Arrhythmias can be anywhere from completely benign – in fact, they’re universally present in everyone from time to time – all the way up lethal.

The majority of the arrhythmias Hiser discovers in his patients are simple palpitations, where the patient feels something moving in their chest that seems not quite right. Common causes of simple arrhythmias are stress, depression, poor sleep habits, caffeine, alcohol and decongestive medications, Hiser adds.

More-significant arrhythmias can be due to defects, which are sometimes genetic, though not always. Patients can acquire congenital defects due to mechanical damage to their heart – from poison, a virus or a coronary event where part of the muscle was killed due to lack of blood flow. Constant stress from high blood pressure, which strains the heart, can also lead to lethal arrhythmias.

Who Can Get Arrhythmias?

Arrhythmias can occur in anyone at any age. However, they happen more commonly in patients 60 and older who already have risk factors for cardiac disease, such as hypertension, sleep apnea and diabetes, says Dr. James Kolka, Chief Physician Executive for FHN, in Freeport. Smokers are also at a higher risk.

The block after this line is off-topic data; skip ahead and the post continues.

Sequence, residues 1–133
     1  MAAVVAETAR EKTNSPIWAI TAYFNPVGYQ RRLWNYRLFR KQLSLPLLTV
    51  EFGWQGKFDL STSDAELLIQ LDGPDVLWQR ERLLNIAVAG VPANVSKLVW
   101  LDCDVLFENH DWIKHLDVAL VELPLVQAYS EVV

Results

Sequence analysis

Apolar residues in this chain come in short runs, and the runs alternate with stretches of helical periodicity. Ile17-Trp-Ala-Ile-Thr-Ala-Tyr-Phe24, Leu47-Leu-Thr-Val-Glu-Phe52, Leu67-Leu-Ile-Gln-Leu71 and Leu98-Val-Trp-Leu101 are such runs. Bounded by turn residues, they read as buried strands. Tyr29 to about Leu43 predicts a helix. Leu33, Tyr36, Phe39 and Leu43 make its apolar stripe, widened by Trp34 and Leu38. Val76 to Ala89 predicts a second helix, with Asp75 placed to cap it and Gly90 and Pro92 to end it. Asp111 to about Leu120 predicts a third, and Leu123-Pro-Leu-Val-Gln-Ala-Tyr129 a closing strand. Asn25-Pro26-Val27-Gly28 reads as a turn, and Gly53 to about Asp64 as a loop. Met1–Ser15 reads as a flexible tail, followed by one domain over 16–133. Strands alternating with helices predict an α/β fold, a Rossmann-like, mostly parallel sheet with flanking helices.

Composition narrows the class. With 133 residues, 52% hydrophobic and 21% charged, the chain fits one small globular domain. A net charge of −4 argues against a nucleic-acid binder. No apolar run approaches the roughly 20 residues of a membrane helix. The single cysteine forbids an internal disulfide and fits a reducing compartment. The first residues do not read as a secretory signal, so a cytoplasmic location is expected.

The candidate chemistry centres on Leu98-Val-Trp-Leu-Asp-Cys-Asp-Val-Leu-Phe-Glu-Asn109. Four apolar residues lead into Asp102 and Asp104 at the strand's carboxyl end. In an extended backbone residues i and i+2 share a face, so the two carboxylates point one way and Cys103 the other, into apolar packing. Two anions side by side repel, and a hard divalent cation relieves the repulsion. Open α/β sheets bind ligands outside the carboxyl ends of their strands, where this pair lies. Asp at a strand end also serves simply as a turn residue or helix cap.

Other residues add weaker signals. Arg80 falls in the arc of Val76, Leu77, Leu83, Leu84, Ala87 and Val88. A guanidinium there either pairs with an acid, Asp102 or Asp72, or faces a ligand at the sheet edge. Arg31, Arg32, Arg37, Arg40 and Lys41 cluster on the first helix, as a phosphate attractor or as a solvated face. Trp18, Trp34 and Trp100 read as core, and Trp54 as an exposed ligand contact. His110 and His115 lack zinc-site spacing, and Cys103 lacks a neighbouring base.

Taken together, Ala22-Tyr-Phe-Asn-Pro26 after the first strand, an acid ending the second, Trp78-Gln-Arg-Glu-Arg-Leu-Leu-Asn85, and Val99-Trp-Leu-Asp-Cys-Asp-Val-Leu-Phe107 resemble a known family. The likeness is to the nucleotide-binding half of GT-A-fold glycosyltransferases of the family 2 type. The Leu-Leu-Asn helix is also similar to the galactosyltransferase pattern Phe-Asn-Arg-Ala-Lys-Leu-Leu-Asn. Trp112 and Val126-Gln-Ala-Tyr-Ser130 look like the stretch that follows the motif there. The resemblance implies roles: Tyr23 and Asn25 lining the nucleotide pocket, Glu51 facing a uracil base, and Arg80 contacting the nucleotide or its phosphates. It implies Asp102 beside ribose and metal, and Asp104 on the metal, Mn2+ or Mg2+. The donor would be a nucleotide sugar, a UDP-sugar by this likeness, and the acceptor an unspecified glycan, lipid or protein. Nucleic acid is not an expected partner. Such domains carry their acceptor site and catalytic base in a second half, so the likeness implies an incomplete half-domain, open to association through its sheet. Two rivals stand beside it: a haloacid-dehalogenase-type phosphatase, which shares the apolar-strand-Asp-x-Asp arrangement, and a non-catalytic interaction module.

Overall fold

It’s not uncommon, though, for Kolka to discover an arrhythmia called atrial fibrillation – which is a quivering or irregular heartbeat – in teenage or 20-year-old patients.

“There are hereditary conditions that can cause atrial fibrillation,” Kolka explains. “For example, sometimes, people can have what’s called Wolff-Parkinson-White syndrome, where they have an extra pathway in their heart that’s present at birth that causes a rapid heartbeat. But it’s a fairly rare kind of thing. For the most part, we find arrhythmias in older populations.”

What Does an Arrhythmia Feel Like? How Are They Detected?

Sometimes, you may not feel an arrhythmia at all. But, if you find you can’t sleep at night, feel a fluttering in your heart, or feel your heart racing exceptionally fast, you may be experiencing an arrhythmia, Kolka says.